Philosophy is a subject that deals with the most profound questions of existence, the very nature of the world around us, and the reasons for our being here. This course will provide you with an introduction to this exciting area of study and will attempt to get you to think like a philosopher as we discuss such essential matters as morality, knowledge and truth, and existence. But, be warned, philosophy can create more questions than it actually answers!
Philosophy is one of the oldest disciplines, a subject developed in ancient Greece and which has evolved over time, concerning a diverse range of topics from religion to science, politics to morality. A study of Philosophy is not just the study of an academic subject, it is the study of thought itself, giving you the skills to think critically about everything around you. What is the difference between “wrong” and “right”? Does the material world around us exist? What is “existence” anyway? The skills acquired in learning to tackle such questions can be transferred to almost any other discipline, meaning that Philosophy can act as an excellent stepping stone into other areas.
The ORA Introduction to Philosophy is designed to offer an overview of what studying Philosophy at university is like, looking at the major areas that you would cover in a university course. This will benefit students who are keen to have a taster of the subject to help make a balanced and informed decision about whether or not they want to study Philosophy, and also students seeking to bolster their application by gaining a pool of knowledge to use in interviews and personal statements.
This courses consists of 4 X tutorials - audio lectures with accompanying presentation material - each taking approximately 40 minutes to complete. Regular quizzes and exams enable students to check their progress and that they are understanding the topics covered. This courses is available to start instantly online through Udemy – once you’ve chosen the course you want to take, you can get started straight away.
How Does it Work?
The course is broken down into tutorials. Each tutorial is broken down into its major topics, chapters, which are short videos of around 5-10 minutes in length. This ensures that course content is broken down into bitesized educational units that are easy to digest, and also means that content is easily navigable at the pace of the student.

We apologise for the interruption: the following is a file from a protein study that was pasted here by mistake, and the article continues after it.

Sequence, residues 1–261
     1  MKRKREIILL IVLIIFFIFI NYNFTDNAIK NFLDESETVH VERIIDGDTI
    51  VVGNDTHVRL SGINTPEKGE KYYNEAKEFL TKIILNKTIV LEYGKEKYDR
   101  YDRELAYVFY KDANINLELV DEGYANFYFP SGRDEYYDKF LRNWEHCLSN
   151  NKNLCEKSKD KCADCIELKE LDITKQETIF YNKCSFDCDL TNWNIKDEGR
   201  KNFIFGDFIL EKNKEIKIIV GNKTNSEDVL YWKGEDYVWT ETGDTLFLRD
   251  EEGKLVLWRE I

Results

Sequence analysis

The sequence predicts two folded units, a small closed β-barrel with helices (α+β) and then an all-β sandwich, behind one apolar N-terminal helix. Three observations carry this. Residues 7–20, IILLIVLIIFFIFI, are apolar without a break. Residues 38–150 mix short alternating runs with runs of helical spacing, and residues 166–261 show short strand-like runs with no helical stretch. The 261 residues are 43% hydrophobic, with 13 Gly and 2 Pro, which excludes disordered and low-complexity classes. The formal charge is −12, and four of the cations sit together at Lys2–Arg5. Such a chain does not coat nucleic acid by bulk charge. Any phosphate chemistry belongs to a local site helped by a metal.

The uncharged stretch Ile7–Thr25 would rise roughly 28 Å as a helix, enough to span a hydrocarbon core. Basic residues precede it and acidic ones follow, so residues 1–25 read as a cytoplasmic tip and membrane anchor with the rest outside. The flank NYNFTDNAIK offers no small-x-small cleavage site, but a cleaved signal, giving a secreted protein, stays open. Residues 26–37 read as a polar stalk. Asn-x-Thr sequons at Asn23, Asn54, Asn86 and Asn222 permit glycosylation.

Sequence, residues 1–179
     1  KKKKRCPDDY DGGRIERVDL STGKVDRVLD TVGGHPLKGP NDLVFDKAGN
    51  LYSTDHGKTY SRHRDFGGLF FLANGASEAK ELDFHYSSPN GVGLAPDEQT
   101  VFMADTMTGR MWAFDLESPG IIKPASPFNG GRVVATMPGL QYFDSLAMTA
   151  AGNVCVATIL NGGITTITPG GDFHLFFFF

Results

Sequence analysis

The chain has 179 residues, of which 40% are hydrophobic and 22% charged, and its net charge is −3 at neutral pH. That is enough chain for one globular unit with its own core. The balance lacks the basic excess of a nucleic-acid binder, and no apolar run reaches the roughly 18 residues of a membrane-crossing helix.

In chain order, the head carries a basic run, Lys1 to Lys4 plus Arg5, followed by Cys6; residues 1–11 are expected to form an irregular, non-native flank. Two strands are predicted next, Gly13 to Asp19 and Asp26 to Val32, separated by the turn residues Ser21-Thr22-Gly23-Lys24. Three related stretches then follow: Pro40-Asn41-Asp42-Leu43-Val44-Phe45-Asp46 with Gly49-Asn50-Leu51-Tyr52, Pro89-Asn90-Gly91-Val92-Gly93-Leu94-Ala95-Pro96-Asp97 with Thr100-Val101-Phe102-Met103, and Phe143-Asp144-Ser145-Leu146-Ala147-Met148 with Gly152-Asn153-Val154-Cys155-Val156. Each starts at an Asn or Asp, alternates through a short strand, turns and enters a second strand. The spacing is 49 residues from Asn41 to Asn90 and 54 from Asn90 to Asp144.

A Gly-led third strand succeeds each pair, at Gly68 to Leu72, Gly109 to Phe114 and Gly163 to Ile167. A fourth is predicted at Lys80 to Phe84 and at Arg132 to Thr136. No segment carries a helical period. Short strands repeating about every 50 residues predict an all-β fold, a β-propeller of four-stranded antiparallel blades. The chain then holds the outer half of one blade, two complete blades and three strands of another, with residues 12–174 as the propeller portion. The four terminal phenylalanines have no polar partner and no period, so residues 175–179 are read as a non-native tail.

Why Take this Course?
This course is ideal preparation for students thinking of studying philosophy, classics, history, or related subjects at university.
This first chapter looks at defining the subject and establishing parameters for the course ahead.
What do we mean when we say that we 'know' something? This lecture delves into questions surrounding what we can really say we know - if anything!
This lecture looks at more complex theories surrounding knowledge, exploring the views of philosophers such as Plato - who argued that knowledge equated to 'justified true belief'.
This final lecture in the tutorial explores Descartes and his theories of scepticism.
This first chapter re-examines the sceptic's argument and asks how we might respond to it.
In this chapter we consider further responses to sceptic's argument, as well as taking a look at the 'demon' and 'matrix' scenarios.
Having discussed the sceptic's argument at some length, we now look at Descartes and his famous 'cogito' - I think therefore I am.
In the final chapter of this tutorial we explore Descartes theories of Metaphysics and Dualism - the idea that mind and body are separate entities - more closely.
This tutorial develops the preceding tutorials’ discussions and puts them to practical use, asking questions about morality and how we should live.
Chapter 2 explores the story of Gyges, showing how many of our decisions come down to self interest.
Chapter 3 looks at the views of some of the most celebrated philosophers in relation to questions of morality, including those of Jean-Paul Sartre.
The final chapter of this tutorial continues our exploration of philosophers’ views, focusing on Mill and the theory of utilitarianism.
The first chapter of this final tutorial examines notions of ‘substance’ and ‘accidence’, and how these relate to the religious belief.
Here we explore the notion of deductive validity, looking at what makes an argument ‘deductively valid
In this chapter we return to Descartes and re-examine his arguments applying additional knowledge covered in the rest of the course.
To conclude this course, we compare Philosophy to two other disciplines - Religion and Science - and ask how these three domains inter-relate.
ORA Prep offers a wide range of exciting and intellectually stimulating courses and programmes designed to offer an insight into university subjects. The aim is to support students applying to university, primarily those applying to UK institutions, though students can take our courses for general interest.
Our e-courses consist of recorded, high quality lectures and accompanying presentation material. Regular quizzes and exams ensure that students stay on top of the material and check their progress. Our courses are short, typically composed of 4 tutorials that each take between 30-40 minutes to complete, and are available instantly online – once you’ve chosen the course you want to take, you can get started straight away.